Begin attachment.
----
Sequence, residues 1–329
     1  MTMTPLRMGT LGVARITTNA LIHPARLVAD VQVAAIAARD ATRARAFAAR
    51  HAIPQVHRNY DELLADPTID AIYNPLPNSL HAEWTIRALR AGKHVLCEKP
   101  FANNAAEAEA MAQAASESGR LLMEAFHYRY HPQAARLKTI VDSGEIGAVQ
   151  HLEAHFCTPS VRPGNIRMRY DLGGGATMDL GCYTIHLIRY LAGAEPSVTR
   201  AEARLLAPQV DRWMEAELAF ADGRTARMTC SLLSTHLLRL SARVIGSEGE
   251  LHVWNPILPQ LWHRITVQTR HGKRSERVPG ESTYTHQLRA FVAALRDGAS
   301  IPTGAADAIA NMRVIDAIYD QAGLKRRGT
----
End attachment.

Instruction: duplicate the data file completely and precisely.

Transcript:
Sequence, residues 1–329
     1  MTMTPLRMGT LGVARITTNA LIHPARLVAD VQVAAIAARD ATRARAFAAR
    51  HAIPQVHRNY DELLADPTID AIYNPLPNSL HAEWTIRALR AGKHVLCEKP
   101  FANNAAEAEA MAQAASESGR LLMEAFHYRY HPQAARLKTI VDSGEIGAVQ
   151  HLEAHFCTPS VRPGNIRMRY DLGGGATMDL GCYTIHLIRY LAGAEPSVTR
   201  AEARLLAPQV DRWMEAELAF ADGRTARMTC SLLSTHLLRL SARVIGSEGE
   251  LHVWNPILPQ LWHRITVQTR HGKRSERVPG ESTYTHQLRA FVAALRDGAS
   301  IPTGAADAIA NMRVIDAIYD QAGLKRRGT